• Some users have found that screen tearing can be reduced by setting Compton to autostart with the command:
    • compton –backend glx –paint-on-overlay –vsync opengl-swc

Config Options

Config options contains a few special items pertaining to the system configuration

Config Options Tab

Occasionally the lightdm theme and thunar custom right-click actions maybe be updated. While these updated configurations will be present on the system, they will not go into effect automatically for upgraders. The “Reset” actions will change any existing lightdm or thunar custom actions to the latest MX defaults.

The last item varies depending on what video adapter is installed on the system. If a intel graphics board is detected, the user will be presented with the option show above, which will force the system to use the “intel” driver rather than the debian default “modesetting” driver. The “intel” configuration also includes a “tear free” option that many find helps with screen tearing.

If the user has an amd graphics part, then the user will be offered a choice to enable the “tear free” option for the radeon or amdgpu drivers, which ever is in current use. The actual driver choice will not be changed, just the “tear free” option.


On MX19 and later, a Display tab is available. Here you can control the backlight, xrandr brightness, resolution, gtk scaling and the hidden xrandr scaling available under Xfce

  • GTK scaling accepts only whole number scaling. This is the same as the scaling available under the Xfce Appearance application
  • Xrandr scaling accepts fractional scales. These values will be saved in the standard xfconf system, so Xfce will automatically apply them on restart of Xfce
  • The backlight control will be available on systems with an exposed backlight interface under /sys/class/brightness. This is mostly laptops and all-in-one devices.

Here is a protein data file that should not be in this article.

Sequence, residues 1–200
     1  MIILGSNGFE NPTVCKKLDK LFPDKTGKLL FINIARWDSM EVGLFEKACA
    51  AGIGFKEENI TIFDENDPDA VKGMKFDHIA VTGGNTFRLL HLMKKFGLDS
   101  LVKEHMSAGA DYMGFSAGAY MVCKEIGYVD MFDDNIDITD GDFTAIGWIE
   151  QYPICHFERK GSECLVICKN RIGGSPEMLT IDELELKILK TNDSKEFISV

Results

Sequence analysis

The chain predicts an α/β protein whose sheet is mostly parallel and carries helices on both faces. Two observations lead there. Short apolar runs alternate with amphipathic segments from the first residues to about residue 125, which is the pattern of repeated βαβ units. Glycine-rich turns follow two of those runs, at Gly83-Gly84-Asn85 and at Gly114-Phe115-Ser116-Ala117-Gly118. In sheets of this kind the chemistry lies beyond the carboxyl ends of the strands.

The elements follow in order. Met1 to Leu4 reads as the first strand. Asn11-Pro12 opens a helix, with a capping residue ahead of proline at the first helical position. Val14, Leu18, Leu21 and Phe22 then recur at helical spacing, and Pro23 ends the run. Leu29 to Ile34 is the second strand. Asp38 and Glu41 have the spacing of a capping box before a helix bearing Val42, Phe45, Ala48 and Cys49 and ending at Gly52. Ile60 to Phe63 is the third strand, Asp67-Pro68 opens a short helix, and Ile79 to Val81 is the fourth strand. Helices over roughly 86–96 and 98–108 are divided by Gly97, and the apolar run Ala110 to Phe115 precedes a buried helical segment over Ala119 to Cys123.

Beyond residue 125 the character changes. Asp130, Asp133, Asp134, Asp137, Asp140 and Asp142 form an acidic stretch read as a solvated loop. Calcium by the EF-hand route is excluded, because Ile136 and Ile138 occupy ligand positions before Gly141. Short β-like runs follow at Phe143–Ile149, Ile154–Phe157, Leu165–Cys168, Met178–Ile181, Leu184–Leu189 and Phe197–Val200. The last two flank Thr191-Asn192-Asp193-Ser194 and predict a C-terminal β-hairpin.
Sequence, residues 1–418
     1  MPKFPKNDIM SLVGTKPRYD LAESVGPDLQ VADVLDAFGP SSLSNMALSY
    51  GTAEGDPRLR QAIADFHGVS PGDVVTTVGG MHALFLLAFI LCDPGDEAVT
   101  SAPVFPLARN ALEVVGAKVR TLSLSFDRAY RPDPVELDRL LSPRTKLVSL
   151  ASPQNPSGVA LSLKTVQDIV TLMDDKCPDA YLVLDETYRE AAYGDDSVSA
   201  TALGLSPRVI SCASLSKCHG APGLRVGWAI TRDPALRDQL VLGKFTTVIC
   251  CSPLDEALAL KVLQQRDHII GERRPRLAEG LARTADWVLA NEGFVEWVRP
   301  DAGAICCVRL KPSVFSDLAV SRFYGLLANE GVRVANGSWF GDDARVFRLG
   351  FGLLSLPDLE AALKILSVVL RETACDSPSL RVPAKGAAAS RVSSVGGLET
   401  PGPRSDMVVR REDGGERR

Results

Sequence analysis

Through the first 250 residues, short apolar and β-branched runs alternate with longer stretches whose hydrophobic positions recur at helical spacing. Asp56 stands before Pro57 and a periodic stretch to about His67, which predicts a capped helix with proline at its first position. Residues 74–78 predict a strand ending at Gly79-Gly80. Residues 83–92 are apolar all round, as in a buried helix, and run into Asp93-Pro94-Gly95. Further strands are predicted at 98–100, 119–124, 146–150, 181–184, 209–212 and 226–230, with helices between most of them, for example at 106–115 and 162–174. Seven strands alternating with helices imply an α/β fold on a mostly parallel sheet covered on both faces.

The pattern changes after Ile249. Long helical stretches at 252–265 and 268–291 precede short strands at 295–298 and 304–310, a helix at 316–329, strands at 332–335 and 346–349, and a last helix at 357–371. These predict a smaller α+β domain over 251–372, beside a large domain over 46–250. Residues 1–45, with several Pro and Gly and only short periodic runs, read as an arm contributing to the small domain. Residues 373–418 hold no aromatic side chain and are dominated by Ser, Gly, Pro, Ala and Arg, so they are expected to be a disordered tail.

• The Software brightness slider controls the brightness through the xrandr interface and should work on external as well as internal monitors. Clicking “Save” will preserve the current setting across reboots
  • For convenience, the resolution can also be set here. This controls the same settings as the Xfce Display application
  • A system tray application for controlling the brightness is also available. A menu entry is provided, or start MX-Tweak with the –tray switch.
  • Left-clicking the system tray icon will give the popup brightness control shown.
  • Right-clicking the system tray icon will present an option to open the full MX-Tweak display tab
  • In the tray application, clicking the >> button will expose any backlight control available.
  • All settings except for backlight and GTK scaling on are a per-user and per-display basis. Select the proper Display from the Dropdown box.


  • Most items on “Other” are self explanatory.
  • Enable mounting of internal drives will require the user’s root password.
  • Enable of kernel sandbox is only available on kernels that have a switch for user namespaces built in. Some kernels default to off, some default to on. Enabling this feature is useful for a lot of applications that require sandboxes.
  • Enabling hibernate on logout menu will also require the user’s root password.


  • There is a template file in /usr/share/mx-tweak-data that folks can use to build theme sets. The file should also be copied into ~/.local/share/mx-tweak-data. also, user files stored in ~/.local/share/mx-tweak-data will be picked up by mx-tweak on start of the app.

Development history: Dolphin_Oracle, including a wrapper for Compton-conf (LXqt)

License: here.

v. 20170905

3 thoughts on “HELP: MX Tweak”

  1. MX19 – Screen tearing video has been killing my Linux experience on Debian XFCE, Ubuntu 18.04, and MX19. I have Intel integrated graphics, 4 GB memory. I was looking for a distro that worked to play online TV and recorded HD TV. An automated solution to this issue could help promote Linux for users who watch tv! Perhaps turn on for only video apps (when one is started), or just anytime the system has an extra 100MB of unused memory.

  2. Hi
    I just installed MX Linux for the first time and I went to use MX Tweak and I get this error:

    “This app is xfce-only”

    Any Ideas?